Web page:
There's a One in Ten Chance You're Dreaming Right Now

Illustration for article titled There's a One in Ten Chance You're Dreaming Right Now

Math! It's hard enough to wrap your head around even when it's not systematically unraveling your understanding of reality. For instance: there's a pretty decent chance you're dreaming right now. No, seriously; math says so.


The mid-morning mind-frak springs from the highly advanced brain of Jan Westerhoff, a philosophy professor and metaphysics researcher at the University of Durham. In the ambitiously titled book Reality: A Very Short Introduction, Westerhoff breaks down why your present reality might not be so real:

We optimistically assume that you get eight hours of sleep a night, which leaves sixteen hours during which you are awake. Sleep researchers have found out that there is a strong correlation between dreaming and being in so-called REM (rapid eye movement) sleep. REM sleep is characterized by rapid movement of the eyeballs; the brain is highly active, its electric activity resembles that of a waking brain, but the sleeper is more difficult to wake than during slow-wave or non-REM sleep. We know that between 2-% and 25% of our sleep is REM sleep. Taking the lower value and assuming that you always and only dream during REM sleep, this gives us 1.6 hours of dreaming ever night. As there are therefore 1.6 hours of dream consciousness for every 16 hours of waking consciousness, this means that your chance of dreaming at any given moment is 1 in 10.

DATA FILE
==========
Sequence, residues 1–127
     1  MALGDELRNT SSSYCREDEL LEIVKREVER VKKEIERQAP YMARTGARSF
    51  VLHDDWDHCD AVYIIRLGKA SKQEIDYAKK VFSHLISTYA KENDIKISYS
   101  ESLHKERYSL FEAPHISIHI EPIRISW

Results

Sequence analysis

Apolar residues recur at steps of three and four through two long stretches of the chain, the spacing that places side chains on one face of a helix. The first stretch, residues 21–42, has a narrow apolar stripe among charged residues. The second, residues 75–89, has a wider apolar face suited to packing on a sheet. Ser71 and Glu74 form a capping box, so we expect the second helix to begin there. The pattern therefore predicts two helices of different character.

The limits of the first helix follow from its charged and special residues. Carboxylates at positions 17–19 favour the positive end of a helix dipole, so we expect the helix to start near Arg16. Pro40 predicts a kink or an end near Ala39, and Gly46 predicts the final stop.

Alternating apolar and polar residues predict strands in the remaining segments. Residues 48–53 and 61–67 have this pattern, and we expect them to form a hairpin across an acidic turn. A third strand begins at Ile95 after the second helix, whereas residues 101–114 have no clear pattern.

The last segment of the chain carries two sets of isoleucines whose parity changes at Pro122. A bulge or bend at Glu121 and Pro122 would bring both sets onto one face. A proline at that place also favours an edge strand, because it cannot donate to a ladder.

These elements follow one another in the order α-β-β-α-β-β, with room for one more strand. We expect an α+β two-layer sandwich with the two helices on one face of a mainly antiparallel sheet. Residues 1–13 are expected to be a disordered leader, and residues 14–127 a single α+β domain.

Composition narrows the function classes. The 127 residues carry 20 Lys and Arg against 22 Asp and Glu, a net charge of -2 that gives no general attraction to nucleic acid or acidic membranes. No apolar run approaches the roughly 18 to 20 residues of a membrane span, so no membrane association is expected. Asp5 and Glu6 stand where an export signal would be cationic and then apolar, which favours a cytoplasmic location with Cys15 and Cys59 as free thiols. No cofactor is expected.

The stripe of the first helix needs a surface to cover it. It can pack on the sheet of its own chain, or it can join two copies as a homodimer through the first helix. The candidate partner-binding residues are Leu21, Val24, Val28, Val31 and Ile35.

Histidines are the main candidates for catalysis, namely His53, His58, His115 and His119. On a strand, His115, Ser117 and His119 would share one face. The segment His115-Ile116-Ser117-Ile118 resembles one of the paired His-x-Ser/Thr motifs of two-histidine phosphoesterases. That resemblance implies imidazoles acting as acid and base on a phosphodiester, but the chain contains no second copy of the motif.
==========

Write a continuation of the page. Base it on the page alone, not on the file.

For some context, you've got better odds of being asleep right now than the Braves do of winning the World Series.

Your gut reaction, I know, is that this is silly and wrong. Me? I'd much rather assume I'm just dreaming about working on a Sunday, and that any minute I'll wake up to find myself swaddled in my Learjet, en route to my own private island for a month of riding grizzly bears and snorting rainbows. Pinch harder, dammit!. [Brain Pickings via Twitter]

Image Credit: Lasse Kristensen/



I disagree. Your article said that there is a one in ten chance that I'm dreaming (others have already corrected the math), but from your point of view, Brian, there is a zero percent chance that I am dreaming. Either neither of us is dreaming or I am a character in your dream.

However, that silly objection aside, the whole thing still doesn't make sense to me. I've had lucid dreams (you know, when you're aware that you're dreaming). The main thing that, for me, separated dreaming from real experience is that, as soon as I think about it, I can distinguish between the appearance of continuous experience (which I acknowledge is an illusion) and the non-continuous experience of the dream. In other words, as soon as I ask myself the question, I know that I am conscious. Christopher Nolan movies aside, dreams provide too fragmentary a narrative to be mistaken for reality.